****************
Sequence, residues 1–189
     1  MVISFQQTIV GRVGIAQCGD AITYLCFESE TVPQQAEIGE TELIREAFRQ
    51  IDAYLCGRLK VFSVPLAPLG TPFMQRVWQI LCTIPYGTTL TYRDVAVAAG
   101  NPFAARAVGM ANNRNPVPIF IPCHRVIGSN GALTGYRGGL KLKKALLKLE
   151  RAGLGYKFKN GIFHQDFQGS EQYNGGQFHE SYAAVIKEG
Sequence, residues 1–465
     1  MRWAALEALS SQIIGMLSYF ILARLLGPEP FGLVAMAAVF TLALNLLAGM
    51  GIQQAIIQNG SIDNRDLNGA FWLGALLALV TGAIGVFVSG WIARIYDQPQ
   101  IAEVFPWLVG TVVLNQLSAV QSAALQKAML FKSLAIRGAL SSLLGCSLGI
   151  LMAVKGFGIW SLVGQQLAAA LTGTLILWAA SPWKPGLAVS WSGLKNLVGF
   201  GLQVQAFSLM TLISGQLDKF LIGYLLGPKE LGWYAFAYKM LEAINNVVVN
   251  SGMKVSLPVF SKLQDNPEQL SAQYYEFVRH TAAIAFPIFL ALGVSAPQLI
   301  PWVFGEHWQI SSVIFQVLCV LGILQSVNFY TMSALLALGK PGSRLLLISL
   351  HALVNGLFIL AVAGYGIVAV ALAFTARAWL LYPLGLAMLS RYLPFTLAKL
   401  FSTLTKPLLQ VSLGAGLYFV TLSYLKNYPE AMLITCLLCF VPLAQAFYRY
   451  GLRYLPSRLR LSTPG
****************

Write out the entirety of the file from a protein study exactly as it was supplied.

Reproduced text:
Sequence, residues 1–189
     1  MVISFQQTIV GRVGIAQCGD AITYLCFESE TVPQQAEIGE TELIREAFRQ
    51  IDAYLCGRLK VFSVPLAPLG TPFMQRVWQI LCTIPYGTTL TYRDVAVAAG
   101  NPFAARAVGM ANNRNPVPIF IPCHRVIGSN GALTGYRGGL KLKKALLKLE
   151  RAGLGYKFKN GIFHQDFQGS EQYNGGQFHE SYAAVIKEG
Sequence, residues 1–465
     1  MRWAALEALS SQIIGMLSYF ILARLLGPEP FGLVAMAAVF TLALNLLAGM
    51  GIQQAIIQNG SIDNRDLNGA FWLGALLALV TGAIGVFVSG WIARIYDQPQ
   101  IAEVFPWLVG TVVLNQLSAV QSAALQKAML FKSLAIRGAL SSLLGCSLGI
   151  LMAVKGFGIW SLVGQQLAAA LTGTLILWAA SPWKPGLAVS WSGLKNLVGF
   201  GLQVQAFSLM TLISGQLDKF LIGYLLGPKE LGWYAFAYKM LEAINNVVVN
   251  SGMKVSLPVF SKLQDNPEQL SAQYYEFVRH TAAIAFPIFL ALGVSAPQLI
   301  PWVFGEHWQI SSVIFQVLCV LGILQSVNFY TMSALLALGK PGSRLLLISL
   351  HALVNGLFIL AVAGYGIVAV ALAFTARAWL LYPLGLAMLS RYLPFTLAKL
   401  FSTLTKPLLQ VSLGAGLYFV TLSYLKNYPE AMLITCLLCF VPLAQAFYRY
   451  GLRYLPSRLR LSTPG